A bowl sat on the counter.
It was a ceramic bowl, sturdy, with some heft. It was decorated around the edge, a blue rim pulled down every few centimetres into points, regular, careful, likely machine-made. The rest of the bowl was white, crisp and clear, and showing all the marks and mars that come with regular use.
The bowl was hardly empty. Inside, cereal was piled high, like a child was looking for a toy – not that those were buried in cereal anymore, but you hear things from your parents, or your grandparents, or the zeitgeist – or it could be that someone was particularly hungry. Maybe they just thought bowls were better for storing cereal; it was hard to tell, just by looking at the lonely bowl, sitting on the counter, quietly holding it contents without any milk or any liquid. Just sitting.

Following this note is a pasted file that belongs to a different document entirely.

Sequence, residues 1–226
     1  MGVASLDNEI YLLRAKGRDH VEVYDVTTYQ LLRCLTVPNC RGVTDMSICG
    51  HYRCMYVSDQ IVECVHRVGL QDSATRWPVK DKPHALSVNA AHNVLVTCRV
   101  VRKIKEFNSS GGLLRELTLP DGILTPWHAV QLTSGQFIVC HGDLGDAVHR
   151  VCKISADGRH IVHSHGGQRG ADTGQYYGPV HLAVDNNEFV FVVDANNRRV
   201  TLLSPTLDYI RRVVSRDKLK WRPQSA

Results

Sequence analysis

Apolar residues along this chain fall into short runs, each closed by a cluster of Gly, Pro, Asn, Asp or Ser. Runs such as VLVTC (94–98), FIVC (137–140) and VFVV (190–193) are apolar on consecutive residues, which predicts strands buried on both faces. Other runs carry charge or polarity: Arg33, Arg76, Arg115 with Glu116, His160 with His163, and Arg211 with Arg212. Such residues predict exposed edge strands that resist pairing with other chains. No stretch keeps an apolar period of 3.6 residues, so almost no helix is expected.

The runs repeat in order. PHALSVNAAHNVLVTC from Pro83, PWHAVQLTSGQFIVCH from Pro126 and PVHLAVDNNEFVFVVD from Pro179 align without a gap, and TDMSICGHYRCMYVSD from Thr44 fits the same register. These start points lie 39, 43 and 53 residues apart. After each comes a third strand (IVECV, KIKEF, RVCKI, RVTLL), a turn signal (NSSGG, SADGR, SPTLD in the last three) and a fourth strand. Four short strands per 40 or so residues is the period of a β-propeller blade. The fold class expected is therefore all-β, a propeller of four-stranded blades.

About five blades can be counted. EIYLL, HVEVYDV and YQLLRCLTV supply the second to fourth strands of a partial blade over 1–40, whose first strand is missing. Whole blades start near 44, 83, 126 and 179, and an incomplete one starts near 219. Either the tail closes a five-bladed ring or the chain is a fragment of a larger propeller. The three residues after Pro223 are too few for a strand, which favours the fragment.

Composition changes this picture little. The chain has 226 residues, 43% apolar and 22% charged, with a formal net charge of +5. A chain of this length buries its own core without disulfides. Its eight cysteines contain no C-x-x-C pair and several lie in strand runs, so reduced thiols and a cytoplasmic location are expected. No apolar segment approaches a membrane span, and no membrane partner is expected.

Upstairs, there was a thud, followed by a grizzled, “Damn.”